17. [Time point and methods for emergency killing in cattle].

    PubMed

    Khol, J L; Schafbauer, T; Wittek, T

    2016-01-01

    Emergency killing is defined as the killing of injured or ill animals to avoid excessive pain or harm. Decision-making for emergency killing or a prolonged therapy can be difficult and has to be based on the case history and results of the clinical examination contributing to the prognosis, particularly in downer cows. Evaluation of enzyme activities and total bilirubin can be used as additional factors pointing to a guarded prognosis; however, none of these parameters provides a clear cut-off value indicating a poor prognosis and mandatory emergency killing. Euthanasia by intravenous drug application is seen as the least stressful method of killing and should therefore always be the first method of choice for emergency killing in cattle. Drugs containing pentobarbital as well as a combination of three different drugs (T61-Injektionslösung, MSD Animal Health) are available for euthanasia in cattle. All drugs must be administered by a veterinarian. Before application of pentobarbital, an animal should be deeply sedated. The administration of T61 requires anaesthesia of the animal and it is not licensed for use in pregnant animals. Alternative methods for emeragency killing, including captive bolt stunning and the use of firearms, although not regularly performed by veterinarians, should be assessed concerning their correct application and performance. When captive bolt stunning or emergency killing using firearms is performed, the correct position of the device is crucial as well as a quick exsanguination or the application of a pithing rod for the actual killing of the animal after captive bolt stunning. In addition to medical considerations, economic and personal factors contribute to the decision about emergency killing in cattle. Therefore, veterinarians should aim to evaluate each case thoroughly based on personal knowledge and experience, case history, clinical findings and laboratory parameters to avoid prolonged suffering of the animal. PMID:26830543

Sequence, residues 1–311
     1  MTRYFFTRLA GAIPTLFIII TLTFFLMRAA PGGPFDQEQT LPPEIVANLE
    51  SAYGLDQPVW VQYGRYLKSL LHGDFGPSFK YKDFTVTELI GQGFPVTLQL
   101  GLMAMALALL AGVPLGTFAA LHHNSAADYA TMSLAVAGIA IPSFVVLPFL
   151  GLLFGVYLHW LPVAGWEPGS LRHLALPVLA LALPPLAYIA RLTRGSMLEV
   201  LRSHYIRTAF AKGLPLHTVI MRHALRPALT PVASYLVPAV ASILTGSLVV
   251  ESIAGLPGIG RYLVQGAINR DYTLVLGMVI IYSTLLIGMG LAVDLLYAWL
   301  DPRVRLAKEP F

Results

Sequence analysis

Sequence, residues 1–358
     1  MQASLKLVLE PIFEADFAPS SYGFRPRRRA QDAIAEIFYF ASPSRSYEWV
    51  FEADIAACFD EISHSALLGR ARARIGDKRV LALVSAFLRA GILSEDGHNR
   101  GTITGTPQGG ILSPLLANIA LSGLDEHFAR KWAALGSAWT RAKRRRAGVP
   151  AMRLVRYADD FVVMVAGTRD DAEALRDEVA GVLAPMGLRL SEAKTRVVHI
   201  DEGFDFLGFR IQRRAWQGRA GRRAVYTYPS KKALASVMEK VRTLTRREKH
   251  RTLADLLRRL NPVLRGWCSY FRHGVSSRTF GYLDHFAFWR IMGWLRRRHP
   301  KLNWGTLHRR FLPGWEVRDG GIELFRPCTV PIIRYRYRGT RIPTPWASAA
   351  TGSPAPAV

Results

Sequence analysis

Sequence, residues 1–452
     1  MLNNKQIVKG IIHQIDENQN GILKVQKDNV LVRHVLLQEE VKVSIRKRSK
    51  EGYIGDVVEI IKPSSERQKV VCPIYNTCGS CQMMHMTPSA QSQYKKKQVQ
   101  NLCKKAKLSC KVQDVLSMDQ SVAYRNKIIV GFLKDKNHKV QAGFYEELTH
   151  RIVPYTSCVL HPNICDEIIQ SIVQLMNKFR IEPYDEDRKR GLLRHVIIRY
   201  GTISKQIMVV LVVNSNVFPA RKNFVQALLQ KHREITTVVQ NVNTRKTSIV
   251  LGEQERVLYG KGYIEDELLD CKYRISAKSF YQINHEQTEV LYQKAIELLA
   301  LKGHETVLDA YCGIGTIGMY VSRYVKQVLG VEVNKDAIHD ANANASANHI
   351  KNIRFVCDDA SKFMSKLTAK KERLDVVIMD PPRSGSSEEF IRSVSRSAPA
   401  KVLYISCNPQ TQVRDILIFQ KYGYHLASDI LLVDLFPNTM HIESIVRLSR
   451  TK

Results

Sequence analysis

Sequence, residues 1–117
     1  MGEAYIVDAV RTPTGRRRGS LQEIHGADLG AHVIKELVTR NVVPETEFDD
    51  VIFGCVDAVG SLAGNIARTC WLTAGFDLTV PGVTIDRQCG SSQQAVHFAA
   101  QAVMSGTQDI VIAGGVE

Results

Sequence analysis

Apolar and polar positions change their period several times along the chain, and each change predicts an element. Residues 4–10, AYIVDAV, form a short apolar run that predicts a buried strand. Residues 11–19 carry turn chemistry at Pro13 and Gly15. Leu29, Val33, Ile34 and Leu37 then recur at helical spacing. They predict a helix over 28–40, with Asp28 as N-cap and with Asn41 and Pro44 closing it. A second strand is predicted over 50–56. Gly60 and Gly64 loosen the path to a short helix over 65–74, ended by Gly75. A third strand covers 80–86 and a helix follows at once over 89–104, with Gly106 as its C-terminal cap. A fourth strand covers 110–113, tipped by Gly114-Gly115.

18. The assessment of schizotypal features over two points in time.

    PubMed

    Squires-Wheeler, E; Skodol, A E; Erlenmeyer-Kimling, L

    1991-12-01

    The expression of schizotypal personality traits was assessed in mid-adolescence and again in young adulthood for three groups of offspring defined by the psychiatric diagnosis of their parents. Parental diagnoses included schizophrenic disorder (47 offspring), affective disorder (39 offspring), and 'no psychiatric disorder', or normal controls (82 offspring). Initially, schizotypal traits were assessed from video-taped semi-structured psychiatric interviews, subsequently rated by trained psychiatrists blind to the parental psychiatric status of the subjects, and/or direct clinical interviews (Schedule for Affective Disorders-Lifetime Version (SADS-L)). The second assessment was conducted by trained social workers and psychologists by means of a semi-structured interview specifically for DSM-III-R personality disorders (Personality Disorder Examination) and sections of the SDS-L where indicated. These interviewers were blind to the parental status and to previous psychiatric assessments of the offspring. The rates of stability of features or the rates of progression to axis I psychotic disorders (Schizophrenia, Schizoaffective Disorder, and Unspecified Functional Psychosis) were evaluated. Concordance of assessments over time is reported as a function of threshold for expression of traits at initial evaluation, i.e., two or more, three or more, or four or more features present. Concordance increases as the threshold for expression increases, as expected. The effect of comorbid clinical status, e.g., the coexistence of schizotypal traits and anxiety and/or depressive features on the concordance pattern, is also examined by parental diagnostic group status. The offspring of affective disorder parents exhibited higher rates of anxiety and/or depressive features at both points in time, exhibited higher concordance for anxiety and/or depressive features, and exhibited higher rates of 'transformation' of initial schizotypal features to anxiety and/or depressive features

  19. Timing of Getter Material Addition in Cementitious Wasteforms

    NASA Astrophysics Data System (ADS)

    Lawter, A.; Qafoku, N. P.; Asmussen, M.; Neeway, J.; Smith, G. L.

    2015-12-01